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50 educational (and edible!) science experiments kids ages 5 to 10 can do at home
In laboratories, at school, and even in your house―science happens everywhere. Awesome Kitchen Science Experiments for Kids brings the excitement of scientific investigation to your kitchen with a heaping helping of experiments that you can really sink your teeth into!
From flaming cheese puffs to solar-powered s’mores, discover tons of deliciously fun ways to explore science―plus technology, engineering, art, and math (STEAM). Each of these science experiments for kids comes with easy-to-follow instructions, as well as difficulty and mess ratings so you know how much adult help you‘ll need. You’ll even find out what meal each experiment is best for!
Awesome Kitchen Science Experiments for Kids includes:
- Chew on science―Discover the science in your everyday life with 50 experiments you can try (and taste) yourself.
- Fun and educational―Eat your way through five chapters worth of kitchen science experiments for kids, each one based on a specific part of STEAM learning.
- All skill levels―Whether it’s your first time experimenting in the kitchen or you’ve already got lots of cooking experience, this book of tasty experiments is for you.
Hungry for scientific exploration? Dig in with Awesome Kitchen Science Experiments for Kids!
From the Publisher
SAMPLE EXPERIMENT: MODELING GLACIERS
Difficulty: Easy * Mess-o-Meter Rating: Minor Mess * Best Eaten For: Dessert * Prep Time: None * Full Time: 15 Minutes * Makes: 4 Servings of Ice Cream with Mix-ins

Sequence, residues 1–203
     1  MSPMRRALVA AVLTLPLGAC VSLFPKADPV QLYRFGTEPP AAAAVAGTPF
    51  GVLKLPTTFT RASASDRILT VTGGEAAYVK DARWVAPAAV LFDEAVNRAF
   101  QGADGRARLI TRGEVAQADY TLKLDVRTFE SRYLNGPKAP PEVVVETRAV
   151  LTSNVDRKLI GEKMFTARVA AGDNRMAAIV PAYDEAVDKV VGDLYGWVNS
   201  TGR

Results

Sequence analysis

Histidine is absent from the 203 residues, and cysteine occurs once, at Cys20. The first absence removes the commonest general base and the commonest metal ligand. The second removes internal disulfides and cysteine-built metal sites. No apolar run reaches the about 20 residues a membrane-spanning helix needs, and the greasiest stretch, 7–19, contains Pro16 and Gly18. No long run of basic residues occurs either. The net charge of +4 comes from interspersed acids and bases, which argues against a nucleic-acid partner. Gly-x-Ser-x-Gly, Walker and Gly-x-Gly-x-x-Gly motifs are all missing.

When they move across the land, glaciers scrape off dirt and rocks. The dirt and rocks can mix into the glacier as it moves.
1. Place the wafer cookies in a single layer in your baking pan, covering the entire bottom. This is the bedrock, or solid rock, underneath the dirt and loose rocks.
2. Sprinkle your mix-ins on top of the wafer cookies. You want a nice, big heap of dirt and rocks.
3. Place a book or other object under one end of the pan so that it is like a hill.
4. Scoop 1 pint of ice cream on top of the mix-ins and wafer cookies at the high end of the hill (the pan).
5. Wait 5 minutes for the ice cream to start melting.
6. Your ice cream glacier should start sliding down the hill. If it needs a little push, gently scoot it with a spoon.
7. Record your observations and results.
8. Divide your glacier and mix-ins between 4 bowls or use the spoons to eat it out of the pan.
Predict what portion of the dirt and rocks will be picked up by your glacier: ¼, ½, ¾, or all of them.
How did the glacier pick up dirt and rocks?
How much of the dirt and rocks went into the glacier? Was this what you expected?
The Hows and Whys
Glaciers are so heavy that the pressure from their weight melts a layer of water between the glacier and the land. This water lets the glacier slide across the land. As the glacier moves, it picks up entire landforms—even hills and mountains! Did your glacier pick up huge pieces of mix-ins?
TOOLS AND INGREDIENTS
9-by-13-inch baking pan
A book or other 2- to 4-inch tall object to lift up one end of the pan
Ice cream scoop
4 bowls (optional)
1 package vanilla or chocolate wafer cookies
1 pint of your favorite flavor of ice cream
At least 4 types of crumbly ice cream mix-ins (like crushed Oreos, chocolate chips, sprinkles, etc.)